Consequently, the US and its Ethiopian ally claimed that these Islamists were terrorists and therefore a menace to the region. In contrast, the vast majority of Somalis supported the UIC and pleaded with the international community to engage them peacefully. But the peace did not last. The US-supported Ethiopian invasion begun in December 2006 and displaced more than a million people and killed close to 15,000 civilians. Those displaced then are part of today's famine victims. Somalia counterattacked, and Ethiopia was compelled to withdraw the bulk of its troops from Somalia. But the dynamics generated by the Ethiopian invasion continue to destabilise the country.

Second, IGAD and the international community picked up where the Ethiopians left off, by designing a new TFG - led by the faction of the UICs most amenable to the international community, and particularly to the US agenda. The new regime marginalised the forces that compelled Ethiopia to withdraw from Somalia. Consequently, the TFG came to control only those areas in Mogadishu under the command of the African Union force.

A new civil war ensued between the TFG and its opponents, and within a month much of southern Somalia fell under the sway of al-Shabaab and its affiliates. Once in power, the TFG became known for its corruption, incompetence, and internal strife. Propped up by the international community, the regime in Mogadishu has been oblivious to the growing crisis, which ultimately led to the death of nearly 80,000 of its "citizens". It has yet to articulate a plan of actions to rescue its population. Engulfed in an internal power struggle, the regime has failed to put aside sectarian politics to save the population.

Al-Shabaab fails to govern

Third, al-Shabaab - originally the youth wing of the UIC - declared its affiliation with al-Qaeda, and were identified as a terrorist group by the UN and the US, and have been consequently targeted by US forces. The UN and the US have blocked food shipment to the areas that al-Shabaab controls in order to deny them these supplies. Al-Shabaab wants to establish an Islamic state, but unfortunately, it has failed to put in place even the most rudimentary infrastructure to govern the region or provide services.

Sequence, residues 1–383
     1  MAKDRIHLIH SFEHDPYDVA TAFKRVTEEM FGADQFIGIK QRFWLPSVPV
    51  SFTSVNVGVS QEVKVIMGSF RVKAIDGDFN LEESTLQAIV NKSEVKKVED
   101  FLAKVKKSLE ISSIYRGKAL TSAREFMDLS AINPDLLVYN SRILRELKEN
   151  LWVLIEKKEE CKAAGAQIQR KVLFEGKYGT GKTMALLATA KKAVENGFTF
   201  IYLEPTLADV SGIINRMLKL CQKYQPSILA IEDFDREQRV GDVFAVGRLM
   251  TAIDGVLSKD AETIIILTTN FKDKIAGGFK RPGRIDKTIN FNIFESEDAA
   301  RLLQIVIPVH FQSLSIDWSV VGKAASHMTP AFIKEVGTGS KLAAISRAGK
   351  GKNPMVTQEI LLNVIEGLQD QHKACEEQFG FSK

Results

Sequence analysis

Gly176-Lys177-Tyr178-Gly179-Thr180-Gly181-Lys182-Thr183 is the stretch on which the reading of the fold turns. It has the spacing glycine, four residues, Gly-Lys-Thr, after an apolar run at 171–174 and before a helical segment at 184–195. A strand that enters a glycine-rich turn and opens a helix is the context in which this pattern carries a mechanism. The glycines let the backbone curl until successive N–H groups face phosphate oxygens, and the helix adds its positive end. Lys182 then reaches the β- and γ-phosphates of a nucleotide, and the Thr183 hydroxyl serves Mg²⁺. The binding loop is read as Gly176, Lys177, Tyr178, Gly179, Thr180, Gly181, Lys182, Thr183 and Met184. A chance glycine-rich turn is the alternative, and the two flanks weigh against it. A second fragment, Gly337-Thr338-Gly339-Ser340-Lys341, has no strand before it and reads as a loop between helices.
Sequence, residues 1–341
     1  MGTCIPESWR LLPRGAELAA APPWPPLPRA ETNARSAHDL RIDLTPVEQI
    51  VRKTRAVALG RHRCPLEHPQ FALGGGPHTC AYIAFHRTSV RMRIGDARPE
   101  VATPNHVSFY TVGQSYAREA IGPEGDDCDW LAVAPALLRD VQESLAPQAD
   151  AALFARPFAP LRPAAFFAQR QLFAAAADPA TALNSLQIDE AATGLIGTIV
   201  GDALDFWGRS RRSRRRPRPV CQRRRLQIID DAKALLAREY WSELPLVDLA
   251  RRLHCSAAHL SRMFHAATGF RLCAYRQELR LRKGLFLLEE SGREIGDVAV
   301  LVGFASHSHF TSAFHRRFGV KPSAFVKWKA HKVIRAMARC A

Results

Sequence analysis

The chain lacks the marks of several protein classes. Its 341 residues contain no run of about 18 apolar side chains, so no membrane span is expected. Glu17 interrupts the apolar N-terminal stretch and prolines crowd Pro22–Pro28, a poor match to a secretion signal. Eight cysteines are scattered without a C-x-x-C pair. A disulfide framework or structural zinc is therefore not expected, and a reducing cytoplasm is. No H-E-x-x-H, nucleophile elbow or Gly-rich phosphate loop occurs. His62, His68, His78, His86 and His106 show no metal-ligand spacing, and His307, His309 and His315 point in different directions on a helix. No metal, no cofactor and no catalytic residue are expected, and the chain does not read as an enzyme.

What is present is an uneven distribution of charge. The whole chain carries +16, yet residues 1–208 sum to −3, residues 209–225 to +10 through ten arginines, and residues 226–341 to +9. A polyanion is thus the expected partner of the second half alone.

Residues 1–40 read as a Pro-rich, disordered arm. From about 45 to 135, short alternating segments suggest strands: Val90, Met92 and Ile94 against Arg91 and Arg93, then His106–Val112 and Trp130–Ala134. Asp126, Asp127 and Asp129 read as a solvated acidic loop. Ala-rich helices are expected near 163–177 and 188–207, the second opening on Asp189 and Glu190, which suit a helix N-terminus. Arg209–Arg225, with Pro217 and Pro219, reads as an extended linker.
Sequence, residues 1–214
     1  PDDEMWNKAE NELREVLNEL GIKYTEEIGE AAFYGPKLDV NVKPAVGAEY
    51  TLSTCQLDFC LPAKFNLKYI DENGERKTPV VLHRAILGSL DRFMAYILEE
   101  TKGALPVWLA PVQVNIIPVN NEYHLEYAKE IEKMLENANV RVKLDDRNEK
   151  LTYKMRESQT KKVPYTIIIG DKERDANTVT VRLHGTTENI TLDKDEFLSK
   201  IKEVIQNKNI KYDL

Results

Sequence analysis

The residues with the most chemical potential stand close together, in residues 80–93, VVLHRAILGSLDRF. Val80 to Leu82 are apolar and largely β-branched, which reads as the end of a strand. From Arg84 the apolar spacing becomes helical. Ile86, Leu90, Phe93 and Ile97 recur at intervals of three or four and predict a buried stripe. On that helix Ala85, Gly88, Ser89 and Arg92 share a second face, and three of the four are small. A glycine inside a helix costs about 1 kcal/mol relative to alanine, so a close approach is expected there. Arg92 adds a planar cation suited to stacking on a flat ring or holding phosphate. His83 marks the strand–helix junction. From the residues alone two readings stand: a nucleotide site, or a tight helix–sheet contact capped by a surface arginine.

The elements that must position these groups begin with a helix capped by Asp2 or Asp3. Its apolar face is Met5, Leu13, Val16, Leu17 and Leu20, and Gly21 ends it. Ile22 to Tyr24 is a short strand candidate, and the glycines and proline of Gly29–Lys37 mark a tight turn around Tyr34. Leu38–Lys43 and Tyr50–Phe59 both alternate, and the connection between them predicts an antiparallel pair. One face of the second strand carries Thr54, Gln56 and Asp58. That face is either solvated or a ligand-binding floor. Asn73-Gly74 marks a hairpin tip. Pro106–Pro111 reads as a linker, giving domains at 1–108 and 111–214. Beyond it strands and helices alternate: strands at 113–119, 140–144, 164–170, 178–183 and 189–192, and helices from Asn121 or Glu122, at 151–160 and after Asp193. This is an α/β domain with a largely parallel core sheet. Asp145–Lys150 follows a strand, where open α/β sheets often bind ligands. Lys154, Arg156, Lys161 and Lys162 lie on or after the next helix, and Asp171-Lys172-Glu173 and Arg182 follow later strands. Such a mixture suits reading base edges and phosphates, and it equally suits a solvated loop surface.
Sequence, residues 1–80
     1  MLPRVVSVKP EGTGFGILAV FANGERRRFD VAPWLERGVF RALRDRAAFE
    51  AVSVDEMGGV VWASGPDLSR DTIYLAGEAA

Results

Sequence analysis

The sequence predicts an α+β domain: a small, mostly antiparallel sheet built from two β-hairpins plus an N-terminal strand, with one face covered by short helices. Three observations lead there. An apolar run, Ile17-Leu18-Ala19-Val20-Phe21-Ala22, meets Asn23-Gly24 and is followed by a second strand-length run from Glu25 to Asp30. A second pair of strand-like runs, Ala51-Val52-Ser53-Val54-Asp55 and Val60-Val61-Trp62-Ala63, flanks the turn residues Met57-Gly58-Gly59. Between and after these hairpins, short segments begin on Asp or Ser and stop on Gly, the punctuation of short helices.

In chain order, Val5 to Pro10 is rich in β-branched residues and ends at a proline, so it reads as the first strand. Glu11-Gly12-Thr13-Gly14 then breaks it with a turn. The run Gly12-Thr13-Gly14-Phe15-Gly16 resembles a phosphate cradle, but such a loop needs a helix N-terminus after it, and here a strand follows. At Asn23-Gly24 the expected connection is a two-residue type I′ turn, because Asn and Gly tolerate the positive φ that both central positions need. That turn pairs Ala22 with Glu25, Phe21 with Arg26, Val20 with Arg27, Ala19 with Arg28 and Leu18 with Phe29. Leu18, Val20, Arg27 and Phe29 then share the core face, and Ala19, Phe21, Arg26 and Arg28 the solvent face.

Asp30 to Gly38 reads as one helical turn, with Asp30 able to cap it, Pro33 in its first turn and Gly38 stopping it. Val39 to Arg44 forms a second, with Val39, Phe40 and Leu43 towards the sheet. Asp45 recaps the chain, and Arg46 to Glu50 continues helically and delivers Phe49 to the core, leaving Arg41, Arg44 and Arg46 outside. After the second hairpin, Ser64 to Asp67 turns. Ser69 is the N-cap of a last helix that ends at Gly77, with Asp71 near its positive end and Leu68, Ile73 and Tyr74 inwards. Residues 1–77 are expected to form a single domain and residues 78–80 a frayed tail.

Furthermore, al-Shabaab has denied the population the opportunity to organise itself to meet the challenges of the livelihood crisis. Thus, despite the fact that the two epicentres (Lower Shabeele and Bakool) of the famine are in al-Shabaab hands, they have failed to appeal even to the Islamic world for assistance. Most insidiously, they continue to deny the existence of significant famine conditions in the area and have consequently reneged on the permission they recently gave to the world community to deliver food to the starving.

Normally, societies have three lines of defence against mass starvation: local capacity, national government and the international community. When a disaster hits a region, the first help comes from local administrations and the communities themselves. If events overwhelm the first responders, then the national government takes charge of operations; and when the crisis exceeds the wherewithal of the nation, international actors come to the rescue.

It is clear that all three levels of livelihood protections have failed in Somalia. Al-Shabaab has prohibited the local population from organising their municipal governments and charities to fend off the disaster. Similarly, Somalia's national government, which is beholden to sectarian leadership and international patrons, has been oblivious to the emerging calamity, and has thwarted the international community from coming to its aid.

The African Union, the UN, the EU, and the US continued to describe the famine as a drought until July 18, when it was no longer possible to conceal the deaths of almost 80,000 people from starvation. The United States and its allies have been so obsessed with defeating al-Shabaab that they have ignored the fate of the millions of people who live in areas controlled by al-Shabaab.

Finally, callous uses of military and political power by all actors against poor people have produced a catastrophic famine. Altering the behaviour of the powerful would be tantamount to a revolution. But before such a transformation can be imagined, lives must be saved by immediately dropping food and water in villages and settlements in the region. Such urgent distribution of life's necessities will keep people in their homes before a humane scheme of reconstruction could begin.

What is ultimately required is the establishment, by Somalis with the genuine assistance of others, of a national government that is accountable to the people. Such a government is the best defence against famine, as well as against terrorism.

Deeq Afrika explains WHY Global Somali Response

By Deeq Afrika - Co-coordinator Survival Backpacks project / / / ttp://